BEEF magazine endorsed George W. Bush in 2000 because, as we said in the October 2000 issue, he offered “this industry and the U.S. the best program of leadership abilities and leadership concepts.” Four years later, we believe those same traits and his performance in one of the most difficult terms ever faced by a chief executive warrants his reelection.
By any objective measure, Bush's stewardship the past four years has been a success. That's true not only from an economic and national security perspective, but a beef industry perspective as well.
Consider the challenges:
A recession that began in the last year of the Clinton administration with the wilting of the dotcom bubble came to full bloom in Bush's first year in office. Consumer confidence was further cooled by corporate accounting scandals that year.
The terrorism of Sept. 11, 2001, impacted market confidence and continues to affect key industries today. Meanwhile, new security and economic stability concerns necessitated unforeseen spending that has driven up the deficit.
The U.S. beef industry suffered its own shocks as well:
In late September 2001, BSE was discovered in Japan, and the biggest U.S. export market for beef dried up.
That was followed a couple of weeks later by a Russian ban on U.S. poultry exports. The move forced tons of extra poultry onto the U.S. market each week.
In May 2003, BSE was discovered in Canada. Six months later, a single case of BSE was discovered in the U.S.
Now consider the Bush results:
The economy continues to strengthen. Across-the-board tax relief has revived the economy. Home ownership is at record levels, and inflation and mortgage rates remain low.
No terrorism has occurred within the U.S. since 9/11/01.
Saddam Hussein is about to go on trial. Taliban and al Qaeda thugs have been driven from power in Afghanistan. Millions in the Mideast are free of oppressive dictatorships. And Libya, a chief sponsor of international terrorism, has renounced its weapons programs.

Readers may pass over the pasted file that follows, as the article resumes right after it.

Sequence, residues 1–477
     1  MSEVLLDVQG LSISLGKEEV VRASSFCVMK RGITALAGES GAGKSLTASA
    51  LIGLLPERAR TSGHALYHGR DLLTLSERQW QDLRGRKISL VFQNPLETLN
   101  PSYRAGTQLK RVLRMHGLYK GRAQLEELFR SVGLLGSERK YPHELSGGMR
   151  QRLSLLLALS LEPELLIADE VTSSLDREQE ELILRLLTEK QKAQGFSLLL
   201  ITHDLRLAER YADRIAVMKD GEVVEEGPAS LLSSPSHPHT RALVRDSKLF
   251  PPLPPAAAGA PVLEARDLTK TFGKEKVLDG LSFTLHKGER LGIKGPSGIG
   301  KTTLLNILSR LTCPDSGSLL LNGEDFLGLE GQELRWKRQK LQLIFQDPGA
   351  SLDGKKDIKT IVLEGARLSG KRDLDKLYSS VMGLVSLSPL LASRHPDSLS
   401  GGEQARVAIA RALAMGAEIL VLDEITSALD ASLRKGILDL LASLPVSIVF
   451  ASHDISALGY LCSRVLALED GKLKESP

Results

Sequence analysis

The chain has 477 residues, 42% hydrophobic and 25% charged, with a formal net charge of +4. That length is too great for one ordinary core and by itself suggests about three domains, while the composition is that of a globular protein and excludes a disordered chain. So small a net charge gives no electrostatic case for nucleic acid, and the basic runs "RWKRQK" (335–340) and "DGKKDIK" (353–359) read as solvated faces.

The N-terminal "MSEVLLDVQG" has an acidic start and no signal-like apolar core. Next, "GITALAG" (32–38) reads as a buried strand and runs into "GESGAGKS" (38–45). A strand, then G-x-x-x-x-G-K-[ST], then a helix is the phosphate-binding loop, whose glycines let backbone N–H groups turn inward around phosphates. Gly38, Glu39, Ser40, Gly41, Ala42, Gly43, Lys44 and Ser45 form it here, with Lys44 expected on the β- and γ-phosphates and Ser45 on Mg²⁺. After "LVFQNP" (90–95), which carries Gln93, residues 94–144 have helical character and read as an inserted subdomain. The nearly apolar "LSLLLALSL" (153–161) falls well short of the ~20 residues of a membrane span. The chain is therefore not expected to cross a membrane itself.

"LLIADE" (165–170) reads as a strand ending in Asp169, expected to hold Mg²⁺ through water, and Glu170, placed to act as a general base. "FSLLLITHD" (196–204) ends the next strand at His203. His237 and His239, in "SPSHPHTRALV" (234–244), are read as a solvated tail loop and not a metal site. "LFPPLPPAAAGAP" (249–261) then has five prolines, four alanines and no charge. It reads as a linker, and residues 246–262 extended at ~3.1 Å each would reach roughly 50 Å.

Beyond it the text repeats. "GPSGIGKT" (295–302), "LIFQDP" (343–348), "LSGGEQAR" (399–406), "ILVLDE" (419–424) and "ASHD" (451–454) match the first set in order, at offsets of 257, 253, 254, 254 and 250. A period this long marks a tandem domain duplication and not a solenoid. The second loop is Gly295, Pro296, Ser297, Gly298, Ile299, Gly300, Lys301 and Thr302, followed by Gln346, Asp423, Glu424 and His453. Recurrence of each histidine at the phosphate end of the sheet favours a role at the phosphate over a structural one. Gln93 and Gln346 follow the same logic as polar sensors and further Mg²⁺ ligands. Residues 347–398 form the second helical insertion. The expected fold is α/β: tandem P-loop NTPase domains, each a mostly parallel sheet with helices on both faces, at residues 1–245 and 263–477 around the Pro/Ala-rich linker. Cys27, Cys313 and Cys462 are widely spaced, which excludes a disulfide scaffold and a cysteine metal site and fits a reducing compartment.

Meanwhile, the beef industry has experienced some of its best days ever. Beef demand is surging, and prices for all classes of cattle have reached heights few dared to even contemplate. And, this was realized despite the discovery of BSE in the U.S.
Beef demand, of course, isn't something that can be laid totally at Bush's feet. But the policies and adept handling of the BSE crisis by the National Cattlemen's Beef Association and USDA prevented BSE from decimating the U.S. market.
In addition, Bush's actions in cutting taxes, providing small-business incentives, phasing out the death tax, and giving more consideration to landowner concerns when drafting and interpreting legislation are all big wins for the U.S. ag sector.
Bush's actions over the past four years have been decisive and resolute. To be sure, the surge in the federal deficit during this period is concerning. And many who favor a smaller, constitutionally limited government have been disappointed.
But, faced with tremendously costly challenges in protecting the homeland and shoring up a rattled economy, these can hardly be considered “normal” times. We believe some latitude must be allowed.
Next month, Americans are faced with a sharp contrast between candidates and their stands on issues. Bush has proven his mettle as a chief executive and commander in chief. And he's proven himself a friend to small business and agriculture. He deserves another four years.
(To learn the candidates' positions, visit www.beefusa.org. Click on “Bush vs. Kerry Comparison Chart” from the “What's Moo On the Hill” section in the opening page's center column.)